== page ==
St. Jude Medical’s coronary interventions in high-risk patients using a novel percutaneous left ventricular support device (SHIELD I) trial has confirmed that HeartMate PHP cardiac assist device provides consistent and dependable cardiac support during high-risk percutaneous coronary intervention (PCI) procedures.
The study showed that consistent and stable hemodynamics have been maintained during revascularization, when HeartMate PHP device was used.
The trial is a prospective, non-randomized, open-label, and multicenter study, which assessed the efficacy of the HeartMate PHP cardiac assist device in patients who required hemodynamic (circulatory) support during complex PCI procedures.
According to the firm, the trial reached both endpoints for primary performance, freedom from hemodynamic compromise during PCI, and safety.
The minimally invasive HeartMate PHP cardiac assist device is placed through catheter to temporarily support circulation by continuously pumping blood during PCI, allowing physicians to treat high-risk patients effectively.
HeartMate PH holds capacity to generate an average blood flow of four to five liters per minute, which is the normal amount of blood pumped out by the left ventricle.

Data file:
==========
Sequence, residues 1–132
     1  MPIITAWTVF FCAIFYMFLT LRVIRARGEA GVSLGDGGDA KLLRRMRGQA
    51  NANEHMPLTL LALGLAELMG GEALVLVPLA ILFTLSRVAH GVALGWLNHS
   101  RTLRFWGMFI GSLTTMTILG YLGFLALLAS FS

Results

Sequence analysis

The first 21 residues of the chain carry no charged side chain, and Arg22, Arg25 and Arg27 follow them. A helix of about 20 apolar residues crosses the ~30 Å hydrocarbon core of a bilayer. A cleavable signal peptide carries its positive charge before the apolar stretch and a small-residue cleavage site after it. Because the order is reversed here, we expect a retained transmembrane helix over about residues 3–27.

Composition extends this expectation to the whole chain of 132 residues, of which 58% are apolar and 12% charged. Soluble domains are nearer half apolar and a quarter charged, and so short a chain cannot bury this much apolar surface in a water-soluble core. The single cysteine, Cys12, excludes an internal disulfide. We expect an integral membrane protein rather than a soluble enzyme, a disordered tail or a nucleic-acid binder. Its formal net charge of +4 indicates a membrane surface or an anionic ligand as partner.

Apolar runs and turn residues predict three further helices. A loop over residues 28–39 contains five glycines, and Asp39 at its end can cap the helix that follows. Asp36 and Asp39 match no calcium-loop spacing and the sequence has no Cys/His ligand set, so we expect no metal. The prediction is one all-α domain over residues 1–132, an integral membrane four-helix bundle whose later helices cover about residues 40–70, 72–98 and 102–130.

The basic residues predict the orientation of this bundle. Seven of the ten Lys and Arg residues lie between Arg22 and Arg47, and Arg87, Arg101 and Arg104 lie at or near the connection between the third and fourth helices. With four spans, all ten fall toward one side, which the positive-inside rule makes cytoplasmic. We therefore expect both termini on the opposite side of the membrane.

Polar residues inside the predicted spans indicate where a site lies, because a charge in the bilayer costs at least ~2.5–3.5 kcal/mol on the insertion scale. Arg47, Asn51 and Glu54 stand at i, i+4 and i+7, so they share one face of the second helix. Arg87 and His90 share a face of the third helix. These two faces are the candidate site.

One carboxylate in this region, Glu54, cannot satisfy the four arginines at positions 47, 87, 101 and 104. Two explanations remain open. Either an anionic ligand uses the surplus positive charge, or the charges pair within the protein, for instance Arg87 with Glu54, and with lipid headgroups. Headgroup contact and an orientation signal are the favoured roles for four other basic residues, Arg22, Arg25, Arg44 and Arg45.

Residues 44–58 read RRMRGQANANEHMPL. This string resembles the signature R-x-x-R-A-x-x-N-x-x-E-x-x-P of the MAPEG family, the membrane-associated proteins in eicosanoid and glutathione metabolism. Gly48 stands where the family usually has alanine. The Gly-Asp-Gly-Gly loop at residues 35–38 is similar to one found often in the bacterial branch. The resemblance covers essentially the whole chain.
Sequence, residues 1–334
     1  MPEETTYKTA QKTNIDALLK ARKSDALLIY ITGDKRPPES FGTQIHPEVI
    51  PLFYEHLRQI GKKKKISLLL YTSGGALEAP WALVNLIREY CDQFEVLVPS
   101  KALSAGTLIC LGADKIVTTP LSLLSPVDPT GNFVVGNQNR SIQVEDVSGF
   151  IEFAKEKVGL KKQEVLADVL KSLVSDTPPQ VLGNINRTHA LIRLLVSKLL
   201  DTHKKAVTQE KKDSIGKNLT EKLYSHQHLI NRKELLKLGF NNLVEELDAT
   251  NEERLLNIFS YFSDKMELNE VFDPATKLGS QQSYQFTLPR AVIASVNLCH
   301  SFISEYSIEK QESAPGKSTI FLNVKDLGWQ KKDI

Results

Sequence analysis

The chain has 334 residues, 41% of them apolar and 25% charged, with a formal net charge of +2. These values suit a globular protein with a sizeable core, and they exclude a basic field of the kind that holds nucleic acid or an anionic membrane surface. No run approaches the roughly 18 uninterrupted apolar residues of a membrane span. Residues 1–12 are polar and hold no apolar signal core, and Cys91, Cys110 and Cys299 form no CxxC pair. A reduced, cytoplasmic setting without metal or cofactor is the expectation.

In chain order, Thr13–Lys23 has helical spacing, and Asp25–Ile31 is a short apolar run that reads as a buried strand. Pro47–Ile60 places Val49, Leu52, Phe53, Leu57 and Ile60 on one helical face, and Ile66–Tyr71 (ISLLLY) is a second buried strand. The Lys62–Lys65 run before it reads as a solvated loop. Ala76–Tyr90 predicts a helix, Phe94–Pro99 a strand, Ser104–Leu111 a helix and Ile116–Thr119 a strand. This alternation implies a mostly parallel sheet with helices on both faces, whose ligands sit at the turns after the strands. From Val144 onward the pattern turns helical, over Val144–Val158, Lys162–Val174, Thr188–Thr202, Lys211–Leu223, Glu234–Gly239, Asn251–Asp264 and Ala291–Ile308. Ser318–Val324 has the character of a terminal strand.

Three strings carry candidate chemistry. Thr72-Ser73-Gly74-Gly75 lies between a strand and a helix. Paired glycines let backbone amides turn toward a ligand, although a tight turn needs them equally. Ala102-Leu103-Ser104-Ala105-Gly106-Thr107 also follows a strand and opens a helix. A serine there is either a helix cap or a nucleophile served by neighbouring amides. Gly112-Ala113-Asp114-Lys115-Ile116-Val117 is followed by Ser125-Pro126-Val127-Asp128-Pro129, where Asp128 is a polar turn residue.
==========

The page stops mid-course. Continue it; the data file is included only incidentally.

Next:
St. Jude has reported the trial results from the first 46 patients, at the 27th Transcatheter Cardiovascular Therapeutics (TCT), the annual scientific symposium of the Cardiovascular Research Foundation in San Francisco, US.
Shield I trial principal investor Dr. Dariusz Dudek said: "The data from Shield I demonstrate that the HeartMate PHP device is a highly promising technology that should be considered for high-risk patients, such as those with advanced heart failure or who may be at risk of cardiogenic shock, undergoing PCI procedures."
In July, Thoratec received CE mark approval for HeartMate PHP, based on data from the first 30 patients of the HeartMate PHP Shield I trial.
Earlier this month, St. Jude Medical completed the $3.3bn acquisition of Thoratec that develops mechanical circulatory support (MCS) technology to treat advanced heart failure (HF).